Monday, November 10, 2008

What Obama's victory means for black politics

Juan Williams strikes an optimistic note about how Obama's victory puts the coda on black grievance politics.
The idea of black politics now tilts away from leadership based on voicing grievance, and identity politics based on victimization and anger. In its place is an era in which it is assumed that talented, tough people of any background will find a way to their rightful seat of power in mainstream political life.

The Jesse Jacksons, Al Sharptons and Rev. Jeremiah Wrights remain. But their influence and power fade to a form of nostalgia in a world of larger political agendas, such as a common American vision of setting the nation on a steady economic course and dealing with terrorists. The market has irrevocably shrunk for Sharpton-style tirades against "the man" and "the system." The emphasis on racial threats and extortion-like demands -- all aimed at maximizing white guilt as leverage for getting government and corporate money -- has lost its moment. How does anyone waste time on racial fantasies like reparations for slavery when there is a black man who earned his way into the White House?
If Obama truly wants to turn the page on such old grievance politics and do something for the millions of blacks who voted for him, he can turn now to stressing the importance of responsibility. He can stress how his whole life is an example that doing well in school doesn't mean that a black kid is "acting white." And that the model for black families should be following the example of his and Michelle's marriage and waiting until a couple is married and earning a living before having children.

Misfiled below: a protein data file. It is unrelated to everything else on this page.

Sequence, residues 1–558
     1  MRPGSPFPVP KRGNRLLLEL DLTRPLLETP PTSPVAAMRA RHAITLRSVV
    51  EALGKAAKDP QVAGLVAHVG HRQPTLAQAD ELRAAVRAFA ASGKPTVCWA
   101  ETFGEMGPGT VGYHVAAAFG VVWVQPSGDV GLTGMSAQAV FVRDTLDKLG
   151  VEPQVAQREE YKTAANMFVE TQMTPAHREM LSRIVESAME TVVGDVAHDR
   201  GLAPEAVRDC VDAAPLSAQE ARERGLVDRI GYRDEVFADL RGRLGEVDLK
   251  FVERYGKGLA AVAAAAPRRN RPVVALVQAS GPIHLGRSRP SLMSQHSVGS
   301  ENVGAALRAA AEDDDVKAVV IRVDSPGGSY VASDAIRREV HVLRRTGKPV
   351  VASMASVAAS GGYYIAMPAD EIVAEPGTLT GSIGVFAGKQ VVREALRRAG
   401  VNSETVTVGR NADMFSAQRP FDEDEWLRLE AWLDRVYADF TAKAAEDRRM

Make no mistake, there is still discrimination against people of color in America. And inside black America, there is still disproportionate poverty, school dropouts, criminal activity, incarceration and single motherhood. But with the example of Mr. Obama's achievements, from Harvard Law to the state legislature, U.S. Senate and the White House, the focus of discussion now is how the child of even the most oppressed of racial minorities can maximize his or her strengths and overcome negative stereotypes through achievement.

The onus now falls on individuals to take advantage of opportunities. That begins with keeping families together and taking responsibility for the twisted "gangsta" culture that celebrates jail time instead of schooling. With Mr. Obama as the head of government, discussion of racial problems now comes in the form of pragmatic discourse for how to best give all Americans opportunty, for example, how to improve schools.
If Obama takes on this task, he will have done more for American blacks than all the giveaway programs have ever done. If he just supports the typical Democratic approach to problems in the inner city of throwing money at the problems, he will have missed the opportunity that his victory provides the country.